Part 4 – Light Water Reactors

Before reviewing the new reactor designs it would be convenient to firstly look more closely at the LWR design so we can identify what wrong and what right about it as a reactor design goes.

4.1       A brief intro to light water reactors

 Light water reactors (LWR’s) come in two distinct flavours, the PWR (pressurised water reactor) and the BWR (boiling water reactor). In both cases we use water as both our coolant and neutron moderator. In the PWR, we keep the water liquid in the core, preventing it boiling and turning into steam by maintaining the pressure vessel at high operating pressures. It passes through a steam generator (basically a large heat exchanger connected to an unpressurised water/steam loop) which creates steam, which runs the turbines. In the BWR we purposely allow the water to boil into steam within the pressure vessel. This steam is then passed through the turbines, and back into the reactor itself. An illustration of the two systems from the Virtual Nuclear Tourist is included below:

Boiling Water Reactor (from virtual nuclear tourist)
Pressurised Water Reactor (from virtual nuclear tourist)

In general the BWR has the advantage of a lower operating pressure, less moving parts and a number of safety advantages over the PWR (generally related to the lower operating pressure of the BWR). However, BWR’s have much large pressure vessels than a PWR (and thus higher costs) and PWR’s have the safety advantage of a higher negative void co-efficient (i.e an increase in temperature results in a decrease in neutron production), although this ability breaks down if pressure is lost (as happened in TMI) as well as the fact that the control rods of a PWR can be easily inserted in an accident by simply cutting power to the Control rod clamping mechanisms and allowing them to fall into the core under they’re own weight, something that isn’t generally possible in a BWR. PWR’s tend to burn less fuel and also don’t need to circulate radioactive steam outside the containment dome.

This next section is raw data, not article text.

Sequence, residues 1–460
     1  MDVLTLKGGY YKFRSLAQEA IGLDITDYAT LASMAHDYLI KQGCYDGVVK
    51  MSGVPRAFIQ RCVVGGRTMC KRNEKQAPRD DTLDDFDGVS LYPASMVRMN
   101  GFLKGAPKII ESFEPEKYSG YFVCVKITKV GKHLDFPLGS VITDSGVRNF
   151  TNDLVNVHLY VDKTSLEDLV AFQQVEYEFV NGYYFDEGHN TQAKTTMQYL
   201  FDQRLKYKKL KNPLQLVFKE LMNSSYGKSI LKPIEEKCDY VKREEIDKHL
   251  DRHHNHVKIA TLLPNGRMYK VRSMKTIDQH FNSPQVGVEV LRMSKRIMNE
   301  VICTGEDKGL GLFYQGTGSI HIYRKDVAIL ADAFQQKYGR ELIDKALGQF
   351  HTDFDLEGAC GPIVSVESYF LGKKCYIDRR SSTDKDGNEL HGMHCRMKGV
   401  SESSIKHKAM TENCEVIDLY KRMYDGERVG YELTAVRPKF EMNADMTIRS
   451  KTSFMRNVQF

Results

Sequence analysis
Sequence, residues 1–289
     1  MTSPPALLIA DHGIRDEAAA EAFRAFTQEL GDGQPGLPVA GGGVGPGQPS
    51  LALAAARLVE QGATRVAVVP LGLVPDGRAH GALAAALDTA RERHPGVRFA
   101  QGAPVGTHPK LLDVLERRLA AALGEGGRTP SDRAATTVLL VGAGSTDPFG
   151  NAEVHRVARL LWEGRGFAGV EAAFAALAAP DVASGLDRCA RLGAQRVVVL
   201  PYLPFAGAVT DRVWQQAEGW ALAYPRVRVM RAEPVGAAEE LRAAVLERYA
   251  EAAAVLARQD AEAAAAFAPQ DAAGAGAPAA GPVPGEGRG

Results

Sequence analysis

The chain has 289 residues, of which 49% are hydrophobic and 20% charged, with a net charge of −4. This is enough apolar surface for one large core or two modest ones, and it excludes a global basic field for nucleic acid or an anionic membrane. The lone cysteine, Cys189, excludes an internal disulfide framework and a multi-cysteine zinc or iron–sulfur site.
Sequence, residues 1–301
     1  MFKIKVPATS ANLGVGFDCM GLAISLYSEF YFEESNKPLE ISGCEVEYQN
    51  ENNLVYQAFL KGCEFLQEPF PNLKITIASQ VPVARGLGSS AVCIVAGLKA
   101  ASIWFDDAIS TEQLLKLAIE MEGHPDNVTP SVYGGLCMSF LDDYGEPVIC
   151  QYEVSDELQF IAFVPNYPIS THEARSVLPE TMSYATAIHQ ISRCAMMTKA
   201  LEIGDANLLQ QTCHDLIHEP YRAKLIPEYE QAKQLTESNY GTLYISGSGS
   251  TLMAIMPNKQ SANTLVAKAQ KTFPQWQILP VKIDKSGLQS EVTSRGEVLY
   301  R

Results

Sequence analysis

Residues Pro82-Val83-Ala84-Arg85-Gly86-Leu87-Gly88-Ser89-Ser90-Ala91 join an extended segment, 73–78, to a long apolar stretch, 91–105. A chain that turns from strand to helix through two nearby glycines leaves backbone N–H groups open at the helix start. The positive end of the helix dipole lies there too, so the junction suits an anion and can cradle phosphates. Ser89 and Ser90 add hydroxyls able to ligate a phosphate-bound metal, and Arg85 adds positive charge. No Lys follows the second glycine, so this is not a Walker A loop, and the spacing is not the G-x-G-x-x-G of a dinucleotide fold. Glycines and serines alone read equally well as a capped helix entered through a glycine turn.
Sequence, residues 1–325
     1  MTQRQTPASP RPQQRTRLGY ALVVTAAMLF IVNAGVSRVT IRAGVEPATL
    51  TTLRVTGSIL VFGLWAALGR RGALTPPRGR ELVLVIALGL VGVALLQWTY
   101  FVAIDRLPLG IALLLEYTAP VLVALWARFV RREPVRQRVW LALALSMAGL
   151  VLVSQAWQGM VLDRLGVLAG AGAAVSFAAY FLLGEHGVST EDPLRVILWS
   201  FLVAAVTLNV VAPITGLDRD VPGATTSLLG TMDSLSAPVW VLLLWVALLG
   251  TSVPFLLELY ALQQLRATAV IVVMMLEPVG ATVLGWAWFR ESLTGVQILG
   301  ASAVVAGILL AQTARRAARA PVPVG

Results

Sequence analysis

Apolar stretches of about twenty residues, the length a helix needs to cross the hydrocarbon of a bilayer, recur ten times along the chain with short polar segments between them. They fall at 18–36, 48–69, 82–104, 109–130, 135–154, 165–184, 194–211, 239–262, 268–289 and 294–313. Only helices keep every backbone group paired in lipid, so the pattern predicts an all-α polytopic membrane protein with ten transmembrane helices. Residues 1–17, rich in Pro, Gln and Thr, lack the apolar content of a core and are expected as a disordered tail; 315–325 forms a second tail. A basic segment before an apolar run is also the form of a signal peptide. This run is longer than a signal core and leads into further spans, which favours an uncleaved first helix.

Overall however, the BWR is considered safer (in most situations, the PWR crew would probably disagree with me on this one) and PWR is considered cheaper (again, I suspect the makers of BWR’s would disagree with me on that one!).

4.2       History and development of the LWR’s

 The history of both reactors can be traced back to the 1950’s. The US Navy, realising the huge potential strategic advantages that a nuclear powered warship would enjoy, in particular a submarine, embarked on a plan to build just such a vessel, a project led by US Adm. Rickover.